Now, I accept that in terms of the human body and the weird and wonderful things that it does, I am an expert. I have training – intense training on all functions of the body. I have training on the effect that drugs and chemicals have on people. I am aware of the natural progression of the normal life cycle.
I'd like to think that some other people might have a basic idea of such things – I know we don't come with an operators manual for this sack of meat and bone that we drive around, but I'd like to think that at some point you get the general gist of certain things.
Perhaps you might even recognise in another person something that you may indulge in a little yourself.
So it annoys me somewhat when I'm forced to drive, at speed on blue lights, to something that I know is going to be nothing serious. Especially when there is an adult who can be deemed intelligent enough to be responsible for forty other people already on scene.
It annoys me that some companies write prescriptive policies that rely on 999 emergency services to do their work for them in the name of 'risk management'.
It annoys me when workers for said companies refuse to step outside their policies for cut and dried cases – when they are so fearful of being disciplined for doing the right thing that they need to call an emergency ambulance to do something that all two year olds can do.
It annoys me that our computer system (and management) in Control won't allow a calltaker to use their common sense in grading a call's response, resulting in me being a threat to other road users as they send me haring off on a call apparently only a smidgen less serious than someone who is dead, and about as serious as someone having a heart attack.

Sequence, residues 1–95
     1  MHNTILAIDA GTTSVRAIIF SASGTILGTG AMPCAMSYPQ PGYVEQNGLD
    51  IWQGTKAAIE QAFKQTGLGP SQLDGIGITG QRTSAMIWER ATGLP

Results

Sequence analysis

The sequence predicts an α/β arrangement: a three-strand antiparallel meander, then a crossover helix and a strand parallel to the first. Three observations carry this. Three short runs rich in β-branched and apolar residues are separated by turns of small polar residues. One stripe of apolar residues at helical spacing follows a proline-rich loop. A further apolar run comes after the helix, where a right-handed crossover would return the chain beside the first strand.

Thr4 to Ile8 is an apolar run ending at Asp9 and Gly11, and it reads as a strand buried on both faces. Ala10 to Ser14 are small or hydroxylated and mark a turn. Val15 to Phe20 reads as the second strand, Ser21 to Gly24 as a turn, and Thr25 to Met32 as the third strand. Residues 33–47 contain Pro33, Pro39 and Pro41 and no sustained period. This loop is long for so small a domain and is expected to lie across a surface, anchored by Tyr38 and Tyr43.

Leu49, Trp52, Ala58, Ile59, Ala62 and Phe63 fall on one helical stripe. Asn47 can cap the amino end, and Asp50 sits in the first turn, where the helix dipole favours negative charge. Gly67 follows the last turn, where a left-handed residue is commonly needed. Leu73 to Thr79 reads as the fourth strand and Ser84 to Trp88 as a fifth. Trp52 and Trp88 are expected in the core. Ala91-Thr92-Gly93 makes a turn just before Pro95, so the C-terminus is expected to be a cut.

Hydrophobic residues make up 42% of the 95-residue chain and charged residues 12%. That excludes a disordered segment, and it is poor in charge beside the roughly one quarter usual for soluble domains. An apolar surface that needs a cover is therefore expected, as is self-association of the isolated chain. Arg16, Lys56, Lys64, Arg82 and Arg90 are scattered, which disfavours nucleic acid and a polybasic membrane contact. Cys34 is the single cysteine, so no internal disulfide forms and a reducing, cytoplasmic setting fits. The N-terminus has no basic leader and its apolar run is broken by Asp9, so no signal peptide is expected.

And much more 'important' than a gran with a broken hip.
What didn't annoy me was the patient – he'd had a little bit to drink but wasn't unconscious for it. In fact he'd done something that I've done myself in the early hours of the morning.
He'd fallen asleep on the bus.
I walked up to him, said hello and shone my torch in his face. He opened his eyes, looked around apologised profusely for falling asleep, then walked off the bus.
The bus driver looked sheepish.
It drives me bloody crazy – a person falls asleep on the bus and the bus driver isn't allowed to touch them. They call for an ambulance and because the patient is 'unconscious' it's a top priority call. Because of the eight minute target we are forced to respond at speed, ignoring other, almost more certainly deserving, calls. We get to the scene and wake the 'patient' up, often they are drunk, but sometimes they are just tired. We are then forced to do a full work-up on them and take them to hospital (unless the patient refuses).
I personally do at least one of these a week if I'm working late or night shifts. Often it's more.
Now, despite what our policy says, we'll normally persuade the person that they don't want to be checked out and go to hospital – this is because we have 'common sense', sure we could be bitten on the arse by thinking for ourselves – but I'd like to think that I can recognise the difference between someone who is about to die and someone who is merely asleep.
Unfortunately this common sense doesn't extend to bus drivers who are scared of accusations of assault.
We ambulance types often work outside our policies sometimes because it's in the best interest of our patients, sometimes because we would otherwise be without food and drink for twelve hours and sometimes because it's just the right thing to do.
(An example, we are supposed to wait for the police to turn up at violent incidents – if it's in a public place that we can safely reconnoitre I'll not bother waiting for the police, if it gets hairy we can always drive away).
Or maybe the drivers are scared of being assaulted themselves, in which case lets call for someone who's job it is to get assaulted, what with our intensive training of 'run away! run away!'
The LAS sometimes suggests that certain calls are unnecessary and would be better dealt with by a GP or Walk In Centre – perhaps we might try an education campaign directed to bus company executives and drivers, explaining that it is often possible to wake someone up without needing an ambulance for medical support.